Since the finals Williams has been quiet on the subject. But now, nearly a year later, Williams opens up about it in a first-person essay in Harper’s Bazaar.
At last year’s U.S. Open final, Serena Williams squared off against then 20-year-old Naomi Osaka. Williams was poised to win her 24th Grand Slam title when the umpire accused Williams’s coach of giving her signals from the stands. The umpire issued a violation, but Williams was adamant that she absolutely wasn’t receiving any coaching.
As she put it at the time, “I don’t cheat to win. I’d rather lose.” Then things began to spiral. Williams lost the next point and smashed her racket in frustration – earning her another violation. Williams stood up for herself, accusing the umpire of penalizing her for being a woman. In turn, the umpire took away a game from Williams – and she went on to lose to Osaka.
For a long time after the match, Williams shares she wasn’t ready to pick up a racket. She suffered many sleepless nights, replaying what happened in her mind. Eventually she knew she needed to take action. “Days passed, and I still couldn’t find peace. I started seeing a therapist,” Williams explains. “I was searching for answers, and although I felt like I was making progress, I still wasn’t ready to pick up a racket.” She realized she couldn’t move forward until she apologized to Osaka – who instead of celebrating her first U.S. Open win, was in tears as she received her trophy, crying over the controversy that had just taken place on the court.
“Hey, Naomi! It’s Serena Williams. As I said on the court, I am so proud of you and I am truly sorry. I thought I was doing the right thing in sticking up for myself. But I had no idea the media would pit us against each other,” she wrote in an email to Osaka. “I would love the chance to live that moment over again. I am, was, and will always be happy for you and supportive of you. I would never, ever want the light to shine away from another female, specifically another black female athlete. I can’t wait for your future, and believe me I will always be watching as a big fan! I wish you only success today and in the future. Once again, I am so proud of you. All my love and your fan, Serena.”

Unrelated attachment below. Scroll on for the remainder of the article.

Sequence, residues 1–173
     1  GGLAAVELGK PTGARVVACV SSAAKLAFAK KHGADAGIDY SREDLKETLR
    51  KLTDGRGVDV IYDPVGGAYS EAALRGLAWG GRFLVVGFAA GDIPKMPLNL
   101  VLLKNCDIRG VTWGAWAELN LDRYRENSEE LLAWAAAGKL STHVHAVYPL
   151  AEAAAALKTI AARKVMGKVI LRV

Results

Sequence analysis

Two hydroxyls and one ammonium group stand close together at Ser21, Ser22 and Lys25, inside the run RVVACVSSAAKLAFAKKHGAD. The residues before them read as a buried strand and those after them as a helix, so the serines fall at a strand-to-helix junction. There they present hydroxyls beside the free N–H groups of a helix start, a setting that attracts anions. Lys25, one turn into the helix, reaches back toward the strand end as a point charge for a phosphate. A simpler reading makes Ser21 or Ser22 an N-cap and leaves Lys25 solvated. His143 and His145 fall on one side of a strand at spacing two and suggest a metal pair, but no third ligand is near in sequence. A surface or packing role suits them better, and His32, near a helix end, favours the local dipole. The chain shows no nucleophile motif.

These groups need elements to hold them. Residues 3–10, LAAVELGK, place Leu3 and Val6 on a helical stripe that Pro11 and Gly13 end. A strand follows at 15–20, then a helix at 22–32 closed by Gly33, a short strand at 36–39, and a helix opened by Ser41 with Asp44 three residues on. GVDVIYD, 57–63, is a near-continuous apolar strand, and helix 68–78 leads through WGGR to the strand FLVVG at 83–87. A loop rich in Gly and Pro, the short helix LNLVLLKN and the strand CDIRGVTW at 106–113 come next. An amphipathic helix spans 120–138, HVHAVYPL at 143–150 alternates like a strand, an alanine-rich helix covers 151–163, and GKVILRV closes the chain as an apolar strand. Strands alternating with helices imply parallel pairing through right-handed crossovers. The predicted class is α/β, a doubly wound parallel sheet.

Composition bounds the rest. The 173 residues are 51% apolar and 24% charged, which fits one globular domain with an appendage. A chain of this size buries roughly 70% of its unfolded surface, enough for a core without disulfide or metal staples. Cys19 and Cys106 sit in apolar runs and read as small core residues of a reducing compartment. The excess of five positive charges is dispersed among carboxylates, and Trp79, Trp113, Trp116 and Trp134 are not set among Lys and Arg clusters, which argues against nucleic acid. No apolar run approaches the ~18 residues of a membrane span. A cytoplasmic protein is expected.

Osaka then responded with a text that brought Williams to tears. “People can misunderstand anger for strength because they can’t differentiate between the two,” she wrote. “No one has stood up for themselves the way you have and you need to continue trailblazing.”
Williams was also candid about the many other times she’s been discriminated against throughout her career, both publicly and privately. “As a teenager, I was booed by an entire stadium (I took the high road and even thanked those who didn’t want to see me win). I’ve been called every name in the book. I’ve been shamed because of my body shape. I’ve been paid unequally because of my sex. I’ve been penalized a game in the final of a major because I expressed my opinion or grunted too loudly.
I’ve been blatantly cheated against to the point where the Hawk-Eye rules were introduced so that something like that would not happen again. And these are only the things that are seen by the public. In short, it’s never been easy. But then I think of the next girl who is going to come along who looks like me, and I hope, ‘Maybe, just maybe, my voice will help her,'” she writes.
And while it hasn’t been easy for Williams, she acknowledges that it’s not a pain she’s suffered alone – it’s something women face daily. “This incident – though excruciating for us to endure – exemplified how thousands of women in every area of the workforce are treated every day.
We are not allowed to have emotions, we are not allowed to be passionate. We are told to sit down and be quiet, which frankly is just not something I’m okay with. It’s shameful that our society penalises women just for being themselves,” she writes. And now, with her racket back in hand, she promises to keep fighting for a woman’s right to be herself, in all workplaces.